The cost of this lantern is nothing, for every amateur who practises photography has the materials required - viz., a green glass bottle and a jampot of white earthenware large enough to admit of the bottle being placed within it. Next cut off the bottom half of the bottle, by first holding the bottle over a candle, and then plunging it into cold water; this will establish a crack which is led round the bottle with a red-hot poker, thus cutting it into two parts; then place the upper portion with the neck into the jam-pot, neck upwards, and observe how far the neck appears above the jam-pot; this portion blacken with Brunswick or Japan black Then take the cork belonging to the bottle and cut a piece out of it, like Fig. 51, the cork being placed so that the heat and smoke can escape. The lantern is now complete. To use, place a night-light at the bottom of the jar, and the bottle over that (Fig. 52). The light should not be placed within 4ft. of the developing tray, or, if required nearer, a piece of orange paper should be placed over the jar, with a hole cut in it for the neck of the bottle. This light will not fog an extra-rapid plate.
A beer bottle will do for the bottle.
(6) Reflecting Lantern
A magic-lantern which can be used for showing opaque objects is thus described: - On the inside of each end of the front, and on the inside of each end of the box, is a concave reflector; these are so placed as to concentrate the light upon the picture at the centre of the back of the box. In a tube F, projecting inward from the front, between the mirrors, is arranged a sliding tube G, holding a convex lens H. This tube is moved for focussing by means of a rod J extending up to the top of the back of the box. In the box two lamps or other lights - such as calcium or electric - are placed between the mirrors at each end, as shown in A Fig. 53. Above each light is placed a detachable funnel. The top of the box is curved and the under side is polished to reflect the rays of light. In the top is a ventilating opening provided with a hood to permit the hot air to escape; the supply of air is admitted through the perforated bottom. The pictures are held in a eliding apparatus moving between two longitudinal grooves B, secured on (he outside of the back of the box, and having two apertures, which can bo closed by hinged doors. The pictures are held in place by closing the doors, and can be shifted to appear in the opening in the back of the boi.
The light from the lamps is reflected by the mirrors upon the picture, and from the same through the lens upon a screen or wall. By means of a mirror T on a door S hinged to the front of the box below or at cither side of the tube, the light can be reflected upon any desired surface. Any opaque object, such as a photograph, chromo, or drawing, can easily be reflected upon the screen in any desired size, all parts being clear and distinct. The pictures do not become heated sufficiently to injure them, and may remain in the apparatus for hours without being destroyed. (Scient.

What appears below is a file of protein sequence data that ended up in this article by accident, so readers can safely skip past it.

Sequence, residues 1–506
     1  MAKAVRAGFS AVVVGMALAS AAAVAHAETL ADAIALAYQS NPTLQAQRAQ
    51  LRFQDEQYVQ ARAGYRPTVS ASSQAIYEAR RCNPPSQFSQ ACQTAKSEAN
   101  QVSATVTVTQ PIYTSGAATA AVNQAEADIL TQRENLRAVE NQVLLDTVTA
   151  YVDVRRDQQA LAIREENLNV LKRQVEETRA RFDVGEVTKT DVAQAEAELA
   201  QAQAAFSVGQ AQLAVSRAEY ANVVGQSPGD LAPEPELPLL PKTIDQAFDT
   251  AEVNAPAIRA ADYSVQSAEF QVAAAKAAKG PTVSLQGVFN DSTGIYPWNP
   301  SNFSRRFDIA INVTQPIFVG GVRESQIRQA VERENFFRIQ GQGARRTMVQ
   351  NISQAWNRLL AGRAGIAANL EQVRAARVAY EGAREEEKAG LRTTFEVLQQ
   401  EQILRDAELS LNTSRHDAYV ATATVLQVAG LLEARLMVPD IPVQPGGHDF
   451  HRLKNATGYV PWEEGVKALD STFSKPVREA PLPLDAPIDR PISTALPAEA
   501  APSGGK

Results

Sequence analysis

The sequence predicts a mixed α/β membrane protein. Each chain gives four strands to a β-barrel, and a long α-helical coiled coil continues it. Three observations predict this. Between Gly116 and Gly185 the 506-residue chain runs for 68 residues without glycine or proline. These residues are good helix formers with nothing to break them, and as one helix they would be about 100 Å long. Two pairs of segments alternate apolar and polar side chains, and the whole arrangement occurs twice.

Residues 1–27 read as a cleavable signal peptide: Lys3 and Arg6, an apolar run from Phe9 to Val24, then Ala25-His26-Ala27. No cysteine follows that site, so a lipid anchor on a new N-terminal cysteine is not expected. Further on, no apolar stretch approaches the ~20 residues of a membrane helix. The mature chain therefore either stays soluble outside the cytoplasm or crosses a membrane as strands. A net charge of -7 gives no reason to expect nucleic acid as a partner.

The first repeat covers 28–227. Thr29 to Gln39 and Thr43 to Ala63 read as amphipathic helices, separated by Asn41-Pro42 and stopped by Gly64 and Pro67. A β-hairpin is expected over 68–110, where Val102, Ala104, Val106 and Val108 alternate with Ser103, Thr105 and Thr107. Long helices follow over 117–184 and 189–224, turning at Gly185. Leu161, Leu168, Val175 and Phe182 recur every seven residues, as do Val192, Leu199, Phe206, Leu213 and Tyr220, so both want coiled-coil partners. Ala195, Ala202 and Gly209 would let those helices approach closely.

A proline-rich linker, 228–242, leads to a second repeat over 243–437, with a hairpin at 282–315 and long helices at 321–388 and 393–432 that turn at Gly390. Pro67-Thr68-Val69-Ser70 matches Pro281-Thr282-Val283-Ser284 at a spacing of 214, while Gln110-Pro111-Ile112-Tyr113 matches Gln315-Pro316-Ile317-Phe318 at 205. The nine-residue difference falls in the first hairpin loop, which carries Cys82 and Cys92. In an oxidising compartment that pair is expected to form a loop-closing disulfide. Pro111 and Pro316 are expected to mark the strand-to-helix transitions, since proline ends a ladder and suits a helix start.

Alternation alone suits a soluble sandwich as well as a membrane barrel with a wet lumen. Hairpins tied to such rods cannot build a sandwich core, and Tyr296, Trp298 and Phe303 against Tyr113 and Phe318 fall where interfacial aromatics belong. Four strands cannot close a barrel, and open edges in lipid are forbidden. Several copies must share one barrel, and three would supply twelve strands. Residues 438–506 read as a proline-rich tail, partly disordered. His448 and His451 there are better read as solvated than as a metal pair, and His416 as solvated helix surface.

A "wonder contrived as to enable one to use opaque objects for projection upon the screen, instead of glass transparencies.
For example, if a photographer wishes ment from a carte will look, he simply has to put the carte in the "wonder camera and "throw it up." Many enlargement scales may be made in this way. Any photographer may make a. " wonder camera" for himself, and what follows will tell him how in a very simple wooden box with a top made of tin or sheet-iron; the chimney is made of the same material. The lens is the same as used upon a camera for making photographs. At the back of the box (as will be seen by reference to Fig. 53 A B C) are two doors placed upon hinges. When the box is in use the door e is kept closed. The other door consists of two parte placed at right angles to one another; the object of this is to All the opening in the door e while the pictures are being attached to e; when c is swung into position opposite the lens placed at b, d Is carried to one side. If stereoscopic views are to be shown, a slit may be cat at e, through which they-may be inserted without opening the box. The door e should be cut off a little at the bottom so as to admit air. The light is placed at h, as nearly opposite the picture as poasible. It should be a strong light; an argand burner is the beat. At the back of the light is a piece of tin bent into the form of a reflector. The light coming from h strikes e, and is reflected through the lens upon the screen. The plan of the box is represented with the top removed, Dimensions will depend upon the focal distance of the lens and height of the light.
Care most be tried to have the distance from the lens to c, when closed, equal to the focal distance. (T. Carter.)
A very compact form of magic lantern (Fig. 51) is adapted for all experimental purposes, as well as for the projection of views.
The best way to give acorrect idea will be to take, as example, a 4 1/2 in. condenser lantern, and give the dimensions of the different parts. The size of the condenser settles the question of the measurements of the other parts.
The two condenser lenses, plano-convex, are mounted each on a separate board. A circle is turned ont with a rabbet in each board, in which the condenser seats itself, and is secured therein by three buttons. The rear condenser board A is 6 3/4 in. square. The front board B is of the same width, but 8 1/4 in. long. To the rear one a strip is screwed across the top edge, and the front one is hinged to this strip. At their liases, coming between them, two small abutting strip are secured. The thickness of the strips is such that the boards, when brought together with the strips in contact, are strictly parallel, and the tenses are held apart from each other.